• Stop when your elbows touch your sides. Do not allow your hands or forearms to touch your body.
  • Keep your arms/grip soft so you feel your anterior core and obliques, not your arms.

 

You can modify this exercise by using less weight/tension, or by shortening the range that you extend your arms.

 

#3. Tall Kneeling Single Arm Landmine Presses

This exercise strengthens the muscles of the upper body and anterior core, trains the muscles to resist the extension and rotation of the spine, and develops lumbo-pelvic stability.

Coaching Cues:

  • Position a barbell so it is lengthwise. Rest it against a wall, weight plate, another stable object, or in a landmine attachment.
  • Line the barbell up with your armpit, and grab onto the top of the barbell with one arm.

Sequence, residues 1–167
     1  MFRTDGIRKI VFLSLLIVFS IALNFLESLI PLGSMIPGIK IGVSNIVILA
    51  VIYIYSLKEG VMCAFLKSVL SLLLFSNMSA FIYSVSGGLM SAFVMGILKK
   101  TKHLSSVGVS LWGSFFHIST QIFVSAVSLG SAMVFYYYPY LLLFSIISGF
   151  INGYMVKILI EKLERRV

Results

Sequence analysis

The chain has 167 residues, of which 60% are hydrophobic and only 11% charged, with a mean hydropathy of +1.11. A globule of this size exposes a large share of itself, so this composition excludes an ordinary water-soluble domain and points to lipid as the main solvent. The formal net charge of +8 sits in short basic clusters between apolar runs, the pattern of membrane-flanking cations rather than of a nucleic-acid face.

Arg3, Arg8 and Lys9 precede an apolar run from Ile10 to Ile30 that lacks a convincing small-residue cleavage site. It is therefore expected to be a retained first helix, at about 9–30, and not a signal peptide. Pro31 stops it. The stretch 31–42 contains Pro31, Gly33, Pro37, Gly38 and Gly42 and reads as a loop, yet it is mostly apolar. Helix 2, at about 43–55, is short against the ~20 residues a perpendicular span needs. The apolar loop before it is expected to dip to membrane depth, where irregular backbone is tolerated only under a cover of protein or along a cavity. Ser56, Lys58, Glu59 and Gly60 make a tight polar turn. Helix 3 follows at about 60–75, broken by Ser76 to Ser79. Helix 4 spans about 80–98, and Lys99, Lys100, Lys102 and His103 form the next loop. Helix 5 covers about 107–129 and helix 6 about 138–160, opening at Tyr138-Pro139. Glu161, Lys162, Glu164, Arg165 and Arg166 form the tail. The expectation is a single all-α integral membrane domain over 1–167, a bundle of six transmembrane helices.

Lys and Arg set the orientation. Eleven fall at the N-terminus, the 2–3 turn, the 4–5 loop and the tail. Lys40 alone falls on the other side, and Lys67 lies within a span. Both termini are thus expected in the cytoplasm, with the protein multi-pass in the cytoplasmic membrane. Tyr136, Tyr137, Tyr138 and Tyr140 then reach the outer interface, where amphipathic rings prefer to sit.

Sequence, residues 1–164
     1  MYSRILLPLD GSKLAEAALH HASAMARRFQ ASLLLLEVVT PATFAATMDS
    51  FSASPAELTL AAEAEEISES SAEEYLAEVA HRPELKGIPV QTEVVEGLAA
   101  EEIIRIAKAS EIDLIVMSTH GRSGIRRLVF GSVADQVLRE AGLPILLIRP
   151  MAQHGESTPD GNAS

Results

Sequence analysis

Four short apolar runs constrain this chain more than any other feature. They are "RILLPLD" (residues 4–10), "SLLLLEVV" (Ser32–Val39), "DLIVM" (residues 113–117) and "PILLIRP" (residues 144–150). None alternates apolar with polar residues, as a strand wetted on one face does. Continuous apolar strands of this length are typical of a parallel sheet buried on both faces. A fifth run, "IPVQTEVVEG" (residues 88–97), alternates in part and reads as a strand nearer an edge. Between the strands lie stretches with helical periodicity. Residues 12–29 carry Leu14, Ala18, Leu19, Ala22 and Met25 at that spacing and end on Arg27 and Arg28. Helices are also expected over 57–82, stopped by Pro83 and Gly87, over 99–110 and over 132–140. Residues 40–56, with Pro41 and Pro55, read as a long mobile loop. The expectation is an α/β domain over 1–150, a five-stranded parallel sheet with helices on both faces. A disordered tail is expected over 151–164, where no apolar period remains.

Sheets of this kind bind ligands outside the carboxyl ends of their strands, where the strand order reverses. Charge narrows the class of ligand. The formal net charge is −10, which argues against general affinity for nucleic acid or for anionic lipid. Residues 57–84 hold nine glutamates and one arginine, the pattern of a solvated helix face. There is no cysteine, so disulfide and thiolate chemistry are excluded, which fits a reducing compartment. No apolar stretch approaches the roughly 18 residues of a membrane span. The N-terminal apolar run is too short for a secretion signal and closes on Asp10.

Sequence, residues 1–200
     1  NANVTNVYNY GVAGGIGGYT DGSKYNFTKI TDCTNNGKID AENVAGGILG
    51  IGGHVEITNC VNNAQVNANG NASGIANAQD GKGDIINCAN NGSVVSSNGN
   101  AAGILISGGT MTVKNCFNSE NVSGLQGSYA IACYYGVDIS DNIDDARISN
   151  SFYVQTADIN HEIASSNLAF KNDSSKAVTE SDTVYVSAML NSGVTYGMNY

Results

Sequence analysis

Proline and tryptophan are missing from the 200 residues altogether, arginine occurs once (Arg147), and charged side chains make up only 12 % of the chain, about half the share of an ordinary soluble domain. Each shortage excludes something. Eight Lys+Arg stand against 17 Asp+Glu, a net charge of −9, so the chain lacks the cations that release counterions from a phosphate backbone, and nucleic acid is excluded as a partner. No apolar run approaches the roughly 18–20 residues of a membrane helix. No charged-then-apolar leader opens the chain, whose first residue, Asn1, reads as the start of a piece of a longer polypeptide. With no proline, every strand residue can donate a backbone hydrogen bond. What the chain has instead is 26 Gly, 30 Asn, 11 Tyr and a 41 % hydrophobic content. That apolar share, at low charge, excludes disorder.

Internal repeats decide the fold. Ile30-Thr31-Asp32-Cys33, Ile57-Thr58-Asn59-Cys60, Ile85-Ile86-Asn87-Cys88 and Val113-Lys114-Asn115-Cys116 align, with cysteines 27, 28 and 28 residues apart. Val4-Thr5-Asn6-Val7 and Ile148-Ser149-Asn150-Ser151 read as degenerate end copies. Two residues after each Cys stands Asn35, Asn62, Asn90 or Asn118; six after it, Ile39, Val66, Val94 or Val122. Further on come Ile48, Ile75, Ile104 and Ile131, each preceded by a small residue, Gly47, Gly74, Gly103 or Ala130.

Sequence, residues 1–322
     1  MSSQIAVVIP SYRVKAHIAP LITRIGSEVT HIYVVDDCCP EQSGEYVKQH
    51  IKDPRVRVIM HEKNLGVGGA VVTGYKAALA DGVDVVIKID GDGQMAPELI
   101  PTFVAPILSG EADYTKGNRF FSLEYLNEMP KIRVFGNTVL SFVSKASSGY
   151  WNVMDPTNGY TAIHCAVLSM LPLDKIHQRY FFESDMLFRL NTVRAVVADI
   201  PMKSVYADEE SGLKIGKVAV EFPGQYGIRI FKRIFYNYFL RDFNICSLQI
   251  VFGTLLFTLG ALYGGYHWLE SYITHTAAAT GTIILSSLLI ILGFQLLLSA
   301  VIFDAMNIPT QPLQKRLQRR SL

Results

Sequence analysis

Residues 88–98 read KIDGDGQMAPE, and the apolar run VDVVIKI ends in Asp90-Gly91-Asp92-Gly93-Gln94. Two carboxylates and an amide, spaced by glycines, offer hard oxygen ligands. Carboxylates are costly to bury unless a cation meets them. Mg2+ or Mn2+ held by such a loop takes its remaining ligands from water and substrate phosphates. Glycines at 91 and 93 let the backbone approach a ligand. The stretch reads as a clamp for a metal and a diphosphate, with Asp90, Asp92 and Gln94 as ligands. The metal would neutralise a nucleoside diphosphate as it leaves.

• Get into a tall kneeling stance. Place your knees so they are your preferred width apart (usually hip to shoulder), and have a very slight forward lean in your torso.
  • Before each rep, take a deep breath in (360 degrees of air around the spine), brace your core muscles (360 degree brace), tuck your ribs towards your hips (close the space in your midsection), and squeeze your glutes. This will help stabilize your pelvis and spine.
  • Now press the bar forward to your full range, and “row” the bar back in to your body.
  • As you bring the barbell back in towards your body, stop when your elbow and upper arm touch your body. Do not allow your elbow or upper arm to pass your side.
  • For the duration of the exercise, your head, torso and hips should remain in a stacked position. Do not allow your lower back to hyperextend, ribs to flare, or your torso or hips to rotate, or tip laterally.
  • As for your breathing, exhale after you have initiated the press and the barbell is traveling away from your body. Inhale as the bar is returning towards your body, or pause in the starting position, and inhale/reset there before the next rep.

 

 

You can modify this exercise by using less weight.